Providence, Part II: God's Goodness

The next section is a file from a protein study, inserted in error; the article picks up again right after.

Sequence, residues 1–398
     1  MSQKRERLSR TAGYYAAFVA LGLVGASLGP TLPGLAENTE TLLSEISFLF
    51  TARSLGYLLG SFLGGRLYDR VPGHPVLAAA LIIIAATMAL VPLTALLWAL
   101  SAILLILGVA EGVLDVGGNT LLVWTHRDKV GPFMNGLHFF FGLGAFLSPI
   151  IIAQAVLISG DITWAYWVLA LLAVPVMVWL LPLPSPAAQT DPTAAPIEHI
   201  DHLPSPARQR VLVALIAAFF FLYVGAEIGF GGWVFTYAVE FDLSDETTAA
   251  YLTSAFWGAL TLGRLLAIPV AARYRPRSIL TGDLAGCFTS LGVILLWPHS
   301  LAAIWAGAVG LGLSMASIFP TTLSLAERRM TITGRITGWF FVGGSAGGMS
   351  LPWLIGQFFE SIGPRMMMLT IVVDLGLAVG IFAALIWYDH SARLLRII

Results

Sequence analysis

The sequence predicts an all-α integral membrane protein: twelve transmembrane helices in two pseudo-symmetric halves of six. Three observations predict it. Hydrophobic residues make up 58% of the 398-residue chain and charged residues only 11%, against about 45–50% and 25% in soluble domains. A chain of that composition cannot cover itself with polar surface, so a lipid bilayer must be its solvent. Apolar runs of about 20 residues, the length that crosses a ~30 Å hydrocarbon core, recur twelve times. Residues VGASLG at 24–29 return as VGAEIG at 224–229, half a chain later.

I understand how easy it is to wax on about how good God is when life is going well, but I want to acknowledge that life can be difficult; it can be painful and sorrowful. And I want to assert that God is still good, even in this grim reality. God still provides for His children. To understand this truth, we must make some distinctions: God's time is not our time, we do not have an accurate understanding of what is “good,” and we have a warped view of what we deserve. God exists on an eternal timeframe, as do we. Our souls are eternal. Our bodies will be renewed at the resurrection. Death is but a bump in the eternity of our lives. What we believe to be of urgent importance may be inconsequential in the light of eternity. God is good forever, even if right now it seems otherwise. We tend to experience “goodness” in the context of lessening pain and increasing pleasure. It is “good” when I am spared a tragedy. It is “good” when I receive rewards. And, truly, these are good things, but they are not goodness. If they were the extent of goodness, Christ would not have been sacrificed; He would not instruct us to carry our crosses also.[foot]Luke 9:23[/foot] Even our cultural stories acknowledge this. In our movies and literature, good emerges from conflict. The good guys are the ones that do what's right, though the world around them is filled with greed and selfishness.[foot]We relate even better to flawed heros because they're circumstances are much like our own: they aspire to do what is right even though they themselves are filled with greed and selfishness.[/foot] Goodness is higher than such base desires as evading pain and seeking pleasure. God is working for our redemption, and, in that context, pain and pleasure are irrelevant. God's goodness is a higher goodness, informed by the context of eternity. God is redeeming us for a time and place where there is no pain. We're just not there yet. By living in a world where 100% of the population is broken, it's easy for us to view our state as better off than it is. We tell ourselves, “I'm not as bad as that person,” or “I do more than most.” We think that by being better than others, we deserve more in return, but we are all decisively broken, deserving nothing. If we deserved goodness from God, then it would not be called “blessings.” God is giving us more than we deserve, in a manner that's better than we know, on a timeline that's beyond our cognitive ability. God's provision is not lessened by pain and hardships, we just don't always recognize it for what it is.